'Utopian suggestions': Kurz backs Berlin against Macron's Europe vision

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'Utopian suggestions': Kurz backs Berlin against Macron's Europe vision
Kurz speaking at a press conference in Vienna on Tuesday. Photo: DPA

Austrian Chancellor Sebastian Kurz on Tuesday sided with Berlin in criticising French President Emmanuel Macron's European reform ideas, dismissing some of his proposals as "utopian" and others as "dangerous".


Macron outlined his ideas for Europe's future last week, ranging from stronger security cooperation to more controversial plans for harmonising a European minimum wage and social services across the bloc. But they got a lukewarm reply from German Chancellor Angela Merkel's CDU party.

"There are some (proposals) that we reject," Kurz told German radio Deutschlandfunk, adding that he was "pleased" with the CDU's stance because "it overlaps in large parts" with Austria's point of view.

"I believe that many of the suggestions are utopian, when I think of the proposal for a social union, or a European minimum wage," said the conservative chancellor.

Merkel's presumptive heir and CDU chief Annegret Kramp-Karrenbauer argued in an article at the weekend for measures to boost European unity, including on security -- but she also distanced herself from many of Macron's more ambitious proposals.

The clash of visions comes as the race heats up for the European Parliament elections in May, where eurosceptic nationalists are expected to gain ground.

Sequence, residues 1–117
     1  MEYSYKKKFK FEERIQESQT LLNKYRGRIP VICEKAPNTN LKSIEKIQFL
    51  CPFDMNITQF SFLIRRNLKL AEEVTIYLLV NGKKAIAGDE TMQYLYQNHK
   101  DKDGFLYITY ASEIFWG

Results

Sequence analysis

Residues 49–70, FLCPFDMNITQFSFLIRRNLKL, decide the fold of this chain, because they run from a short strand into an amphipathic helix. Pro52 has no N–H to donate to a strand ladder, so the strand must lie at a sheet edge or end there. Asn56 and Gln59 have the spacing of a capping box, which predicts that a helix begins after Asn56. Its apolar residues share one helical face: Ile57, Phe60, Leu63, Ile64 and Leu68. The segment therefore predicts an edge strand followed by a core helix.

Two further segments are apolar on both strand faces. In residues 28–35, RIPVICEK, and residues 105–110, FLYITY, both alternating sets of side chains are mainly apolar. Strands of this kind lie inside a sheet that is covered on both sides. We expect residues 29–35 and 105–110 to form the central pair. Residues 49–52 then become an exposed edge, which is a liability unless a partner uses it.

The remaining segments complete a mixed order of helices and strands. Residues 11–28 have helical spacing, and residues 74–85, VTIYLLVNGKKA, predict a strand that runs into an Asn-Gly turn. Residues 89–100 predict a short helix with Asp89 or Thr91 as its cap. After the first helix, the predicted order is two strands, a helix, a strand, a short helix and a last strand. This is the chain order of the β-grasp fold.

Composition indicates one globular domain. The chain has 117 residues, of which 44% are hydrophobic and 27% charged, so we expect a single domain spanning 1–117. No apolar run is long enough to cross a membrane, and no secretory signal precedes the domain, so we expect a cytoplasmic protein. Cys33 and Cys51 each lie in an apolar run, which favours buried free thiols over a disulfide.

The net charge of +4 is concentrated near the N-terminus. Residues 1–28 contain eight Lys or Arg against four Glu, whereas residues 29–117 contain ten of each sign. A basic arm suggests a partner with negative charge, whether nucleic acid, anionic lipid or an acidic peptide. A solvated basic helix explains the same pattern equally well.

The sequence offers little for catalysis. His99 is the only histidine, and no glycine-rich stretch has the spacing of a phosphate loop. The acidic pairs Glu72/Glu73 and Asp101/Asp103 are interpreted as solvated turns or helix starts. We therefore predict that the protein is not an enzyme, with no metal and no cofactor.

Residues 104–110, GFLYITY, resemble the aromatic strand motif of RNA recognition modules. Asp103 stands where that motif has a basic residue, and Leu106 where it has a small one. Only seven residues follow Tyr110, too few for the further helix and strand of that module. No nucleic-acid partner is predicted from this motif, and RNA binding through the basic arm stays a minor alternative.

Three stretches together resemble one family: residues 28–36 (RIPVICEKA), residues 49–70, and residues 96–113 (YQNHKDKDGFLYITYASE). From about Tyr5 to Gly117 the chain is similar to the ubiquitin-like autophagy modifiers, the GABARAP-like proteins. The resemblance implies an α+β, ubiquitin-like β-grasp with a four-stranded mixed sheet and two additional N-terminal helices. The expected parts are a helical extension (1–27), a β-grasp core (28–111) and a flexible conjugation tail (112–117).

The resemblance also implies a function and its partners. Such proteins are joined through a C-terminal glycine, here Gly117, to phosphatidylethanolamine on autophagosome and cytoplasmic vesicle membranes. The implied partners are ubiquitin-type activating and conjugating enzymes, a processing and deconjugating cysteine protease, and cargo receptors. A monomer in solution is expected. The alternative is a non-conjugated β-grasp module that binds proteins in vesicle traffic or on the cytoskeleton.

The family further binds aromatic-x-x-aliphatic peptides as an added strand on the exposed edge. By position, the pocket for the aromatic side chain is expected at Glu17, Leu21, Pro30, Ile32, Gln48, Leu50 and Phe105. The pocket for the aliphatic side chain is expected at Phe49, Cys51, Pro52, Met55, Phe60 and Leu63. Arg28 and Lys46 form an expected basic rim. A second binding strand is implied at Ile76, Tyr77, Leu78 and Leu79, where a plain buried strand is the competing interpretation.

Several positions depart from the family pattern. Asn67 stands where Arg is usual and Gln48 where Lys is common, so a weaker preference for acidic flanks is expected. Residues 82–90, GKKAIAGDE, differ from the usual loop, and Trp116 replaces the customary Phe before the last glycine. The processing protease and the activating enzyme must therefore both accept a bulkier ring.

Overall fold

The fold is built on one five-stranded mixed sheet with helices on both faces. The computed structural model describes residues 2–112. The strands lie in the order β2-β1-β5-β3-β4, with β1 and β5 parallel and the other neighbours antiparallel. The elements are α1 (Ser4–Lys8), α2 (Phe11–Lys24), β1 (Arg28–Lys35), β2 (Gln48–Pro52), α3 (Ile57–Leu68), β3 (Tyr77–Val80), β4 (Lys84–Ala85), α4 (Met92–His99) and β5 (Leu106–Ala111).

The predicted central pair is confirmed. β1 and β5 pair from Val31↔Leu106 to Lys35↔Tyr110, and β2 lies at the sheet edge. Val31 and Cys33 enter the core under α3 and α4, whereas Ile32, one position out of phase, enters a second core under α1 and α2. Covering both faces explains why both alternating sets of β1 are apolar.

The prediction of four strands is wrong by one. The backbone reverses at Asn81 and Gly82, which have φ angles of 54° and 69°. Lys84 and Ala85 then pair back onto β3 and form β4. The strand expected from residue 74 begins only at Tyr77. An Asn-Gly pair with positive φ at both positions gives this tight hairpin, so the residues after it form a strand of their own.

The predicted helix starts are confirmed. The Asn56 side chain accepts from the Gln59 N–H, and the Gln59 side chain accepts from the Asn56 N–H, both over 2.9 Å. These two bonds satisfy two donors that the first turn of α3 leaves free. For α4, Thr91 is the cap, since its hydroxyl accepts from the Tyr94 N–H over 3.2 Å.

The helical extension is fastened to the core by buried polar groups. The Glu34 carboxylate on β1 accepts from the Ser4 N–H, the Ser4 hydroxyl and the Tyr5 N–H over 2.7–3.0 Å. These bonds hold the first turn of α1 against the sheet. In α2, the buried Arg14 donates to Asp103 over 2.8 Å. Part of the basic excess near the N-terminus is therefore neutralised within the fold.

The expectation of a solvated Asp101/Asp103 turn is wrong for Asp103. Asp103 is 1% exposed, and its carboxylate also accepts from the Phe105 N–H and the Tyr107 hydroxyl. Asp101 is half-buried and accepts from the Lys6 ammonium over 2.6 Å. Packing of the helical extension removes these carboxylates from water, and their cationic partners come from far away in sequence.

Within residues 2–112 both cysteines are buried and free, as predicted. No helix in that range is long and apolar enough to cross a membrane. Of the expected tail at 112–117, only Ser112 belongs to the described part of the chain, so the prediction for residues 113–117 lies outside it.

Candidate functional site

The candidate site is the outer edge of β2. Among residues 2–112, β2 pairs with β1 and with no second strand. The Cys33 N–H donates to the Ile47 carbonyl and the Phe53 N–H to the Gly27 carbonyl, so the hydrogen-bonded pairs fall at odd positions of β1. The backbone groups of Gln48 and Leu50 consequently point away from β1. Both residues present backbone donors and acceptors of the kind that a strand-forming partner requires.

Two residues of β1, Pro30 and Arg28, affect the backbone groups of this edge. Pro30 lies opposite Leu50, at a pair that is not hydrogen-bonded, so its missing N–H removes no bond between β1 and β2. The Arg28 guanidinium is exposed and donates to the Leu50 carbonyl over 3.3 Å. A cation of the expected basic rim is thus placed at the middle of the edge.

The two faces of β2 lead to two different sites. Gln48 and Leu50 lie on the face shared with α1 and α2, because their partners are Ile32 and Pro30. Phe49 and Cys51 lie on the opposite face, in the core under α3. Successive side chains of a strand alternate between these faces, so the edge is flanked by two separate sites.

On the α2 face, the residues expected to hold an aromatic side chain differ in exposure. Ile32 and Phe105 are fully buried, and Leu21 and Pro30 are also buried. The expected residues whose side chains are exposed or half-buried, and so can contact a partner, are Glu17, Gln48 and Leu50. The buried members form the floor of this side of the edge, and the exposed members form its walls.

Merkel's CDU and Kurz's OeVP are campaigning for the same centre-right political bloc, the European People's Party (EPP), whereas Macron's Republic on the Move party is teaming up with liberal groups

Kurz said Macron's plan for an EU-wide minimum wage sounded good on paper, "but in reality it's completely impossible" given the difference in living costs and living standards across the bloc.

"Do you think that German carmakers would open production sites in Hungary or Poland if the salaries were exactly the same as in Germany?" he asked.

The EU's youngest leader, aged just 32, Kurz said he also rejected any pooling of European debt, as it could lead to taxpayer cash flowing from more fiscally prudent nations to spendthrift neighbours.

He described it as "a really dangerous" proposal that would only make it "more attractive" for some nations to take on more debt.

"That's really not the direction we should be heading in," Kurz said, echoing Germany's position.



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